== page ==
The following tables set forth our unaudited consolidated quarterly statement of operations data, both in dollar amounts and as a percentage of total revenues, and our unaudited consolidated quarterly operating data for the quarters in 2010 and 2011. In our opinion, this unaudited information has been prepared on substantially the same basis as the consolidated financial statements appearing elsewhere in this Report and includes all adjustments (consisting of normal recurring adjustments) necessary for a fair statement of the unaudited consolidated quarterly data. The unaudited consolidated quarterly data should be read together with the consolidated financial statements and related notes included elsewhere in this Report. The results for any quarter are not necessarily indicative of results for any future period, and you should not rely on them as such.

 

(in thousands)   Q1/10     Q2/10     Q3/10     Q4/10     Q1/11     Q2/11     Q3/11     Q4/11  

Revenues

               

ETF advisory fees

  $ 8,467      $ 9,129      $ 9,860      $ 13,111      $ 14,273      $ 16,514      $ 17,554      $ 16,025   

Other income

    247        226        270        302        260        202        182        150   
 

 

 

   

 

 

   

 

 

   

 

 

   

 

 

   

 

 

   

 

 

   

 

 

 

Total revenues

    8,714        9,355        10,130        13,413        14,533        16,716        17,736        16,175   

Expenses

               

Compensation and benefits

    5,255        4,600        4,405        4,933        5,217        4,610        5,085        4,722   

Fund management and administration

    3,397        3,306        3,569        4,014        4,162        5,736        5,093        4,891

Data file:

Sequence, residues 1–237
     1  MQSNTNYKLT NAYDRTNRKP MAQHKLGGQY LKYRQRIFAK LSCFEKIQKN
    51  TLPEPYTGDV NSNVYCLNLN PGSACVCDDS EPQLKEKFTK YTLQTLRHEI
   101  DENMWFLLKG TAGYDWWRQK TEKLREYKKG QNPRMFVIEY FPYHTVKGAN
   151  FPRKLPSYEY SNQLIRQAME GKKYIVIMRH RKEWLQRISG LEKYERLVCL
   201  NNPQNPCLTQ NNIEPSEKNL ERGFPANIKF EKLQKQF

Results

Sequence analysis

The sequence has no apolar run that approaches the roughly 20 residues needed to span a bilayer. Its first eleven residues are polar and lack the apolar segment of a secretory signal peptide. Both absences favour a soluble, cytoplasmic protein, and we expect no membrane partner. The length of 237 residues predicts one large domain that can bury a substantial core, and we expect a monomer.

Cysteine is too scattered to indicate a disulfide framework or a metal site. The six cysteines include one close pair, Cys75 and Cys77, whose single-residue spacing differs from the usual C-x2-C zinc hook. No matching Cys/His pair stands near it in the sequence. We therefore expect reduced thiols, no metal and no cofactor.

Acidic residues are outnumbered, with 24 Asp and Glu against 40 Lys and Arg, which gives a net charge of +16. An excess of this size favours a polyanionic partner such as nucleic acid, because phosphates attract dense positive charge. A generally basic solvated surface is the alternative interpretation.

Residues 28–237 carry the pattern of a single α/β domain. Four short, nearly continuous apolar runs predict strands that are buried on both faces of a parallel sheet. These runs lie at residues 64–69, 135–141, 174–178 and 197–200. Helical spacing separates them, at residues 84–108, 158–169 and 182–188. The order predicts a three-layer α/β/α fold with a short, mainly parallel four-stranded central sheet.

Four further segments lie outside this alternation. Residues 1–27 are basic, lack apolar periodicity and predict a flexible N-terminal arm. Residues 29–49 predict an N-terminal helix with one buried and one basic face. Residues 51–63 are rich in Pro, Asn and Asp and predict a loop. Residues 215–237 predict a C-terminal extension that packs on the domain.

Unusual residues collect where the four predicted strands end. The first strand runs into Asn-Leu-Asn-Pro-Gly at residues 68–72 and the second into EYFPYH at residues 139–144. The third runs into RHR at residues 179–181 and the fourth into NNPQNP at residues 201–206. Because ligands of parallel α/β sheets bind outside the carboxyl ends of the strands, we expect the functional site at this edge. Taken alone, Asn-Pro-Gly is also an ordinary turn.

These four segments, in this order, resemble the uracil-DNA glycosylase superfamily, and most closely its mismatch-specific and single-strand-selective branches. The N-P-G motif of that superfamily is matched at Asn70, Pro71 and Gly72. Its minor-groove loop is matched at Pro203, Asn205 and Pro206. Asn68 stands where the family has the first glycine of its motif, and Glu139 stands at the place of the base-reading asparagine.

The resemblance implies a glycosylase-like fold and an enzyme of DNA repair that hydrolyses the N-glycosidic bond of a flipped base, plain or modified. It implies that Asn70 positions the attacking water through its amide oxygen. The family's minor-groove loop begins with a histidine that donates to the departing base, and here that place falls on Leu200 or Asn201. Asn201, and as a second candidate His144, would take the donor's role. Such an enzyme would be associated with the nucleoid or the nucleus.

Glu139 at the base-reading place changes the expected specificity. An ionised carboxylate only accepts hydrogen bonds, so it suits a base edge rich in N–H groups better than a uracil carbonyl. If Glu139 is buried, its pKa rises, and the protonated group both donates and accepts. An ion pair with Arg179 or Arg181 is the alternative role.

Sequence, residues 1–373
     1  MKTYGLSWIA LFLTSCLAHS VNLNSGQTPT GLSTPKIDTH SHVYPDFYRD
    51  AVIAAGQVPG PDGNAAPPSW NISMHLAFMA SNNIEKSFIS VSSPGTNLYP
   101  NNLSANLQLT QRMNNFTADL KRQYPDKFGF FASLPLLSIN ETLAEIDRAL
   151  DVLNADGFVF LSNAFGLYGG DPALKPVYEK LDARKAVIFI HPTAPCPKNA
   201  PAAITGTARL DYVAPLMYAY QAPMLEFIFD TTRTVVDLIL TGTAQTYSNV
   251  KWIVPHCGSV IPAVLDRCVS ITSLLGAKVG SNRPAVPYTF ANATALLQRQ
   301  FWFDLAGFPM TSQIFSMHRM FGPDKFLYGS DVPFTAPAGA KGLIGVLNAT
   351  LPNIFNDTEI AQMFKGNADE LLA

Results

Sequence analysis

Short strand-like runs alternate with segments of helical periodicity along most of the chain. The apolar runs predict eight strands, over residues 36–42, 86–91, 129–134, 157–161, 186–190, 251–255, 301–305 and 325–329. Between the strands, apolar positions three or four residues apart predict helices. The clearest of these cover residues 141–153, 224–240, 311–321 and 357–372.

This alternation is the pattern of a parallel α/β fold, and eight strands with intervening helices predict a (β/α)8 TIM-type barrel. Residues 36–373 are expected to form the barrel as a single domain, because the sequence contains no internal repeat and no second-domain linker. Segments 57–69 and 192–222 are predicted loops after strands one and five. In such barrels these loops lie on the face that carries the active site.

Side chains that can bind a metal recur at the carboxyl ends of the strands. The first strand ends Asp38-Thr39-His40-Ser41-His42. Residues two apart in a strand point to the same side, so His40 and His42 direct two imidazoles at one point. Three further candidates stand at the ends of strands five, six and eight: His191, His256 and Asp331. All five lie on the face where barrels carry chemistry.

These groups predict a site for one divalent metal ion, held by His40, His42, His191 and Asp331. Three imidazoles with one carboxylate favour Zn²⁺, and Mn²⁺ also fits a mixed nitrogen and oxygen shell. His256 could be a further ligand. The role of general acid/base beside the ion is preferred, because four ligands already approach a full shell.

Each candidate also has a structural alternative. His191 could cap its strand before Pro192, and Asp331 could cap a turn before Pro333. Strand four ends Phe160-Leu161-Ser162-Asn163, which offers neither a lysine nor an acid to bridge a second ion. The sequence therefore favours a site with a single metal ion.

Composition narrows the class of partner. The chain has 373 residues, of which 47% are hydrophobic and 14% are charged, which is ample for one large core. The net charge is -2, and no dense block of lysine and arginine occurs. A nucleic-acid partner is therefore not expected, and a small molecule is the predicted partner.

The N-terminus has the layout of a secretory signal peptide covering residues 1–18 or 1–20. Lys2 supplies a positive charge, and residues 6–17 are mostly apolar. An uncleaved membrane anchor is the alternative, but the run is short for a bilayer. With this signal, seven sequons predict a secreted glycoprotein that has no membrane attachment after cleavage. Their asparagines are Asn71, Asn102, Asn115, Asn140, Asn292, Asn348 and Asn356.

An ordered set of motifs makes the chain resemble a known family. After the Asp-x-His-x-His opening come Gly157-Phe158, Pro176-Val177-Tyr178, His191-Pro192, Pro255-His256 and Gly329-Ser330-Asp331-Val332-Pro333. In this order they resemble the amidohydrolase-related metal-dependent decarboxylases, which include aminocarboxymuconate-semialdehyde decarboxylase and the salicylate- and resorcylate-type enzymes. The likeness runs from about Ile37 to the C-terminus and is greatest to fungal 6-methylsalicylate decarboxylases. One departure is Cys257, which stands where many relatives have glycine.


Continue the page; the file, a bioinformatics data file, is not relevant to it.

Marketing and advertising

    1,160        426        745        1,390        972        1,357        911        1,235   

Sales and business development

    460        746        766        758        745        913        954        991   

Professional and consulting fees

    1,024        707        795        1,253        1,359        1,090        1,473        1,264   

Occupancy, communication and equipment

    267        289        273        289        273        285        288        281   

Depreciation and amortization

    77        78        80        79        65        67        68        67   

Third party sharing arrangements

    240        636        609        811        1,128        1,512        1,794        1,217   

Other

    426        427        405        466        457        457        711        618   
 

 

 

   

 

 

   

 

 

   

 

 

   

 

 

   

 

 

   

 

 

   

 

 

 

Total expenses

    12,306        11,215        11,647        13,993        14,378        16,027        16,377        15,286   
 

 

 

   

 

 

   

 

 

   

 

 

   

 

 

   

 

 

   

 

 

   

 

 

 

Net income/(loss)

    ($3,592)        ($1,860)        ($1,517)        ($580)      $ 155      $ 689      $ 1,359      $ 889   
 

 

 

   

 

 

   

 

 

   

 

 

   

 

 

   

 

 

   

 

 

   

 

 

 
    Q1/10     Q2/10     Q3/10     Q4/10     Q1/11     Q2/11     Q3/11     Q4/11  

Percent of Revenues

               

Revenues

               

ETF advisory fees

    97.2     97.6     97.3     97.7     98.2     98.8     99.9     99.1

Other income

    2.8     2.4     2.7     2.3     1.8     1.2     0.1     0.9
 

 

 

   

 

 

   

 

 

   

 

 

   

 

 

   

 

 

   

 

 

   

 

 

 

Total revenues

    100.0     100.0     100.0     100.0     100.0     100.0     100.0     100.0

Expenses

               

Compensation and benefits

    60.3     49.2     43.5     36.8     35.9     27.6     28.7     29.2

Fund management and administration

    39.0     35.3     35.2     29.9     28.6     34.3     28.7     30.2

Marketing and advertising

    13.3     4.6     7.4     10.4     6.7     8.1     5.1     7.6

Sales and business development

    5.3     8.0     7.6     5.7     5.1     5.5     5.4     6.1

Professional and consulting fees

    11.8     7.6     7.8     9.3     9.4     6.5     8.3     7.8

Occupancy, communication and equipment

    3.1     3.1     2.7     2.2     1.9     1.7     1.6     1.7

Depreciation and amortization

    0.9     0.8     0.8     0.6     0.4     0.4     0.4     0.4

Third party sharing arrangements

    2.8     6.8     6.0     6.0     7.8     9.0     10.1     7.5

Other

    4.9     4.6     4.0     3.5     3.1     2.7     4.0     3.8
 

 

 

   

 

 

   

 

 

   

 

 

   

 

 

   

 

 

   

 

 

   

 

 

 

Total expenses

    141.2     119.9     115.0     104.3     98.9     95.9     92.3     94.5
 

 

 

   

 

 

   

 

 

   

 

 

   

 

 

   

 

 

   

 

 

   

 

 

 

Net income/(loss)